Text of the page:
SLENDER-BILLED COCKATOOCacatua tenuirostris
WESTERN CORELLACacatua pastinator
» Also called Slender-billed Corella and Long-billed Corella» The range of the Slender-billed Cockatoo is western Victoria and southern New South Wales. The range of the Western Corella is a small area to the east and south of Perth in western Australia» Western corella doesn't have the red feathers on the front of the neck. »Populations are stable despite small range. These corellas are considered agricultural pests. One sub-species of the Western Corella called the Muir's Corella (Cacatua pastinator pastinator) is considered vulnerable in its range» 16 to 18" in length
Slender-billed Corellas are still rare as human companions but the few I have met have been absolutely charming and gregarious birds. They have also been quite beaky but, from my experience, they are playful and not aggressive. I spent some time playing with a young Slender-bill when I gave a program at Bird Paradise and beak exploration was an essential part of her play. She was an absolutely terrific bird who made me want to bring her home with me. She provided me with extreme delight watching her play with her head upside down most of the time. I also stayed at the home of a woman with a Slender-bill and was impressed with the playfulness of her bird. The cockatoo was really fun to watch.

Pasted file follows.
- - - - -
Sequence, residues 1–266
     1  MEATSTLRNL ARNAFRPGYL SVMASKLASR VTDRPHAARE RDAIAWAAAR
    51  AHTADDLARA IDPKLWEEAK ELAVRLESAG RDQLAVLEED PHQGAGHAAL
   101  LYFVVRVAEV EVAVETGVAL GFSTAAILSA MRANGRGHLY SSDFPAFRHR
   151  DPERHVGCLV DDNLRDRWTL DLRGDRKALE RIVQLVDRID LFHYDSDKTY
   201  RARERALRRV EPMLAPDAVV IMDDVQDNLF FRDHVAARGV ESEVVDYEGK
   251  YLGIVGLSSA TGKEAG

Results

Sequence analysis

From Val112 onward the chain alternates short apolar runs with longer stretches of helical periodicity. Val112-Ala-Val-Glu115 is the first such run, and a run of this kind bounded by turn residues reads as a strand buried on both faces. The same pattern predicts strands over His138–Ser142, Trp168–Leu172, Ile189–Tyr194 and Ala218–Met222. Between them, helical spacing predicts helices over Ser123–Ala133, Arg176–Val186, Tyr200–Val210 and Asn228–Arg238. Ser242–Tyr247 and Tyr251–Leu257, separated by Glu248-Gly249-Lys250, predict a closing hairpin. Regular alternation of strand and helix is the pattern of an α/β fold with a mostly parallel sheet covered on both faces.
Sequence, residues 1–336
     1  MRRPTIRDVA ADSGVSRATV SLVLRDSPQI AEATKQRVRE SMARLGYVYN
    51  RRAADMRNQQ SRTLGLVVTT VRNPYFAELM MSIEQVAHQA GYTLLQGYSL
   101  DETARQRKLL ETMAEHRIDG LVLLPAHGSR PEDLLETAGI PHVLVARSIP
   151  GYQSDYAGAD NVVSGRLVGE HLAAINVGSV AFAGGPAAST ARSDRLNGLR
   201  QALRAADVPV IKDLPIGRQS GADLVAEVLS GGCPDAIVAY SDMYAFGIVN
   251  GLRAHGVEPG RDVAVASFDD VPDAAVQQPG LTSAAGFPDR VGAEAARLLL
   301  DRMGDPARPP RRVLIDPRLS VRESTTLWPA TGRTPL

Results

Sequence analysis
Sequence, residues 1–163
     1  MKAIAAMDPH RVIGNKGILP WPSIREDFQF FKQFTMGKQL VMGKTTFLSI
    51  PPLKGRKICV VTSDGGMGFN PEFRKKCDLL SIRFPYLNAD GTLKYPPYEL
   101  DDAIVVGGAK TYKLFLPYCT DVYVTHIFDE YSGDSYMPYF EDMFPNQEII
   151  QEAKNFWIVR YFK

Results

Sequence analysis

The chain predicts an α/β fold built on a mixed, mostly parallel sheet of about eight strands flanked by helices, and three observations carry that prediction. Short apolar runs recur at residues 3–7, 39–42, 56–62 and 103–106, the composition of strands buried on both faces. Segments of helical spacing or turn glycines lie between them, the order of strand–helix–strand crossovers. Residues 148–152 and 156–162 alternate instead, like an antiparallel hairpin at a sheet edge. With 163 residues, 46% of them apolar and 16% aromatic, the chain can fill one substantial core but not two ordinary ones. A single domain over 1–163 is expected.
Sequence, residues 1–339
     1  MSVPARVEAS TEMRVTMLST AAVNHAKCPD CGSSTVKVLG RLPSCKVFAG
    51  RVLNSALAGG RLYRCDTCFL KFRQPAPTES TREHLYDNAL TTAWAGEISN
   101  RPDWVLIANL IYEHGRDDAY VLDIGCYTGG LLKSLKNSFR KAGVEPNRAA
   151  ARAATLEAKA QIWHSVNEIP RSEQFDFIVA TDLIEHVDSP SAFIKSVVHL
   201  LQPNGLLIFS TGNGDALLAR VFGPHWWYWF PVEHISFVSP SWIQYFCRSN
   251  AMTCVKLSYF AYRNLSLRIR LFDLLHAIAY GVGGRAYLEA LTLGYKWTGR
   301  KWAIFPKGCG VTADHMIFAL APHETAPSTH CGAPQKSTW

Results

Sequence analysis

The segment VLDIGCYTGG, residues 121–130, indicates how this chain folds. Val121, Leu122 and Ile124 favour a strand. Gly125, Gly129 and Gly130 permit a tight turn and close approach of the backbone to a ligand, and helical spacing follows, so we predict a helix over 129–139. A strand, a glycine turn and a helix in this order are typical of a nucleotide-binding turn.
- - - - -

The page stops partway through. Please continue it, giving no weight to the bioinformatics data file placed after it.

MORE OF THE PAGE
Some people proclaim that the Slender-billed Cockatoo is the best talking parrot-family bird and the ones that I have observed have had extensive vocabularies. Slender-bills can be very enthusiastic and playful especially with human interaction. One that I met loved to play catch and fetch with her caregiver. Slender-bills (or Long-billed Corellas as they are often called) are incredibly inquisitive so they need to be supervised when they are out of their cage. They can also be quite stubborn so they need a caregiver who can provide guidance and provide them lots of stimulation and activity to keep their intelligence occupied. When I was in England to do a seminar, I got the impression that these highly social cockatoos were more available and more popular as companions there than here in the United States and the people who had them could not say enough good things about them. Note: If a bird of this description has no band of red feathers on the front of the neck, the bird is most likely a Western Corella (Cacatua pastinator)